Fight cancer by going green

Fight cancer by going green

Cancer Fighting Botanicals: Medicine for the 21st Century

For years you’ve been told to eat your greens. Perhaps now there is more incentive for you to do so, other than Mother’s good wisdom of the past. Vegetables, herbs, and fruits, will not only help to produce a glowing, vibrant “you,” but will help you to beat the odds of developing cancer as well.

A few years ago, the American Cancer Society led a $6 million study of beneficial phytochemicals to pursue the treatment, and more importantly, the prevention of cancer. Phytochemicals are naturally occurring agents found in plants, which help the body to guard against carcinogenesis at the cellular level. Several groups of phytochemicals have been identified, which produce different benefits. The class of phytochemicals termed indoles, inhibit the actions of excess estrogen, possibly reducing the incidence of breast cancer. Sulforaphane, a member of this same class, promotes the production of anti-cancer enzymes. Polyacetylenes (found in parsley) prevent the synthesis of carcinogens, and isoflavones (from legumes) appear to offset cancer-gene enzymes.

Breast Cancer

Thirty to 60% of all cancers, including breast cancer, cannot be blamed on environment or genetics, but on a poor diet. In Japan, for instance, where the diet is primarily low-fat vegetarian, women rarely experience breast cancer. Yet, population studies have shown that Japanese women who relocate to the U.S. soon face the same cancer risk as their American sisters, at a rate nearly 400% higher than in Japan. Why?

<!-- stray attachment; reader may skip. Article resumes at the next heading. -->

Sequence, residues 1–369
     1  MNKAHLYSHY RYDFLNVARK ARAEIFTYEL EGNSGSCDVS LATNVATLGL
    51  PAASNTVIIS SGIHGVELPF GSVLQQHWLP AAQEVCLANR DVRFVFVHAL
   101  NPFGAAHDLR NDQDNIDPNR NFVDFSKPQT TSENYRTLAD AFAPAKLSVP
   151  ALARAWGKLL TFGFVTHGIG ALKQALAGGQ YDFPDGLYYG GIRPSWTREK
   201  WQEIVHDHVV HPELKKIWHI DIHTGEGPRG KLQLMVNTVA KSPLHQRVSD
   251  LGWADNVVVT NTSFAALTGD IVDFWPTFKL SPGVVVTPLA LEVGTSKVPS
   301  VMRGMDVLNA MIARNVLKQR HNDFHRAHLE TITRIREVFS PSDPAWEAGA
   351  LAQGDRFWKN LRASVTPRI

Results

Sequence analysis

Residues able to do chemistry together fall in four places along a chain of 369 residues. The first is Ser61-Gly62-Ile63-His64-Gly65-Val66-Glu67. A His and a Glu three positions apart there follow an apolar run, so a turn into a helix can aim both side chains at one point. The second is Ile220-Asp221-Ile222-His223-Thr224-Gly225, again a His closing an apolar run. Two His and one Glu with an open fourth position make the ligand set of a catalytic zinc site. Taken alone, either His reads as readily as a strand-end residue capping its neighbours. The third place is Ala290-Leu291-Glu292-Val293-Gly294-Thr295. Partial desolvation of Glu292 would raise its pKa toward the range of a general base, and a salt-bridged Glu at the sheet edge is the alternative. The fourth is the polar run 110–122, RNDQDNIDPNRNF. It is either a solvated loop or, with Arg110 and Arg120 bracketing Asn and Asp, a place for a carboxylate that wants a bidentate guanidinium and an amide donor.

Several studies have shown that women of western nations typically consume a diet liberal in fat, and that leads to an over production of estrogen in pre-menopausal women. Estradiol, the principal estrogen hormone, is also produced in increased amounts. When a high-fat diet is consumed, the excess estradiol hormone is enabled to break free from carrier molecules and becomes biologically active. The Physician’s Committee for Responsible Medicine (PCRM) likens this action as being “like soldiers jumping off a jeep and starting their attack.” Research has unveiled that adequate amounts of sulforaphane inhibits the mechanisms of excess estrogen levels, thereby diminishing the risk of breast cancer.

Prostate Cancer

Men are also at risk for cancer due to hormonal imbalance. Sixty percent of men between the ages of 40 and 60 suffer from BPH (benign prostatic hyperplasia), or enlargement of the prostate. One of the primary reasons for this is the fall off of testosterone levels in men of this age group. As testosterone levels decrease, other hormones, especially dihydrotestosterone, are on the rise and concentrate in the prostate. Dihydrotestosterone is a potent androgen, formerly metabolized with testosterone in the prostate and excreted. However, as testosterone levels dwindle, and other hormones increase, this metabolism is prevented, and what testosterone is present is converted to dihydrotestosterone. This results in the overproduction of prostate cells, and eventually, enlargement of the prostate.